Scripture: Genesis 6:13-22
Possibly one of the most recognizable stories from the Old Testament. The flood and Noah’s Ark.
That story is recognizable for almost anyone, whether your Jewish or Christian or not. The phrase, “Noah’s Ark” brings to mind images of an huge wooden vessel with animals on it two by two, or sitting on dry land surrounded by water with a rainbow in the sky. If you google that phrase, the first options that come up are religious in nature but the places that come up are:
Noah’s Ark Pet Store
Noah’s Ark Waterpark
Noah’s Ark Animal Clinic
Noah’s Ark Preschool
Noah’s Ark is so well known and the story is also really troubling. If we read, like really read, Genesis 6, 7, 8, and 9, the whole story that we condense down to cute images of animals is a troubling story and one that I have struggled with.
God sees that humanity has become full of evil and violence, so God decides to start over. Hit the reset button. To wipe away, to erase, to start fresh, not just with humanity but all creation. That idea alone makes me feel queasy but there’s also interesting language used to describe God. “The Lord saw that humanity had become thoroughly evil on the earth and that every idea their minds thought up was always completely evil. The Lord regretted making human beings on the earth, and he was heartbroken. So the Lord said, “I will wipe off of the land the human race that I’ve created.”
When I think of, lashing out after heartbreak the first thing I think of is a Carrie Underwood song, not God. It’s like God has these big feelings, lashes out, and doubles down. These chapters emphasize the destruction of creation over and over and over again, like excessively. And as you read the section leading up to the flood God feels so, petty, so violent, so human. At first I thought it was ironic. God erases creation because humanity is too violent? God responds to human violence with violence? And then I thought, maybe that’s part of the point. Maybe the point is for us to recognize how human-like God seems here and recognize the pivot God makes at the end of the story. Because the story doesn’t end with the flood.
Humanity becomes evil and violent.
God regrets making humans, feels heartbroken, wipes out everything except for Noah, his family, and some animals.
And then, as the planet recovers, God goes no, no, no, no, no, no. I will never do this ever again.
“God remembered Noah, all those alive, and all the animals with him in the ark….Noah built an altar to the Lord. He took some of the clean large animals and some of the clean birds, and placed entirely burned offerings on the altar. The Lord smelled the pleasing scent, and the Lord thought to himself, I will not curse the fertile land anymore because of human beings since the ideas of the human mind are evil from their youth. I will never again destroy every living thing as I have done.” God turns that last statement into a promise and seals that promise with the rainbow, as a reminder. “Whenever the rainbow appears in the clouds, I will see it and remember the everlasting covenant between God and all living creatures of every kind on the earth.”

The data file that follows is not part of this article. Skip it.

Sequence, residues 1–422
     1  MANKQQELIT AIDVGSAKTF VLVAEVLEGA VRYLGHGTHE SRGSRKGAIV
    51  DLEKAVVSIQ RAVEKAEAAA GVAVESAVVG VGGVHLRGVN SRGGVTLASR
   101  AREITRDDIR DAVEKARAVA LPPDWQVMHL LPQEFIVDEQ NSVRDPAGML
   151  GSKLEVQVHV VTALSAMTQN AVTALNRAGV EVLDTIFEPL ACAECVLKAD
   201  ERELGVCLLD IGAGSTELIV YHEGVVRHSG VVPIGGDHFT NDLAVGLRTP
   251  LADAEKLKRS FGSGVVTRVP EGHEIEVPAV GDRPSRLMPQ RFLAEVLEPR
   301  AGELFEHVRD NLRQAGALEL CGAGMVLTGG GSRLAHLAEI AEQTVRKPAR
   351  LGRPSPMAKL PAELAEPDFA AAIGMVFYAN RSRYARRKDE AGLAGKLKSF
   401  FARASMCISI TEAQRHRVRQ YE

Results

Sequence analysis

Is this a story about animals and an ark? Sure.
Is this a story about God’s faithfulness towards Noah? Sure.
Was this story written in such a way that it also teaches us how God wants us to respond to a cruel and unjust world? Yes.
It doesn’t take a lot for us to realize this world still has cruelty, violence, oppression, and injustice. Whether we have experienced it personally, experienced it as group, or heard it on the news, we know, people are capable of great goodness and care and are also capable of great harm and cruelty. And when we hear about injustice or experience it, we may want to lash out. We may want to respond by attacking with words or actions or physically. But the story of Noah and the Ark, the story of Genesis 6-9, the story of the flood, teaches us the opposite. God responds to violence with violence and in the end says no, never again. Violence was not the answer then and is not the answer now. In the face of a cruel and unjust world, God challenges us to chose peace.
Not to ignore what’s happening, not to ignore what we and people around us experience but to respond in ways of peace. In ways that bring wholeness and healing. Whether you are 5, 25, 65, or 85, there are ways to stand up for others, to speak up, to speak out that don’t involve lashing out. That could be on the playground or in the cafeteria. That could be in a board room or break room. We can tell a teacher, get an adult, use our words, or go get help. We can set boundaries around conversations with love and firmness. We can write letters, contact our legislators, march peacefully, attend protests, we can volunteer with and support communities experiencing discrimination. We can not tolerate injustice, cruelty, and harm in ways that do not perpetuate harm. In the face of bullying, bigotry, injustice, cruelty, jokes at the expense of someone or some group, in the face of our worst human tendencies to demean, damage, and demoralize, God challenges us to not lash out but to respond in ways of peace, wholeness, and healing.
I wish this world didn’t have cruelty, injustice, and violence in it, but it does. The good news, is that God does not abandon us to the worst parts of this world. Instead, God shows us and teaches us how to respond. The story of Noah, the ark, and the flood, shows us the futility of violence and teaches us better more life-giving paths. God invites us to
Be peace in the face of violence
Be justice in the face of injustice
Be forgiveness in the face of resentment and grudges
Be love in the face of hate
This week, in your daily life, be a rainbow reminder that there is a better way.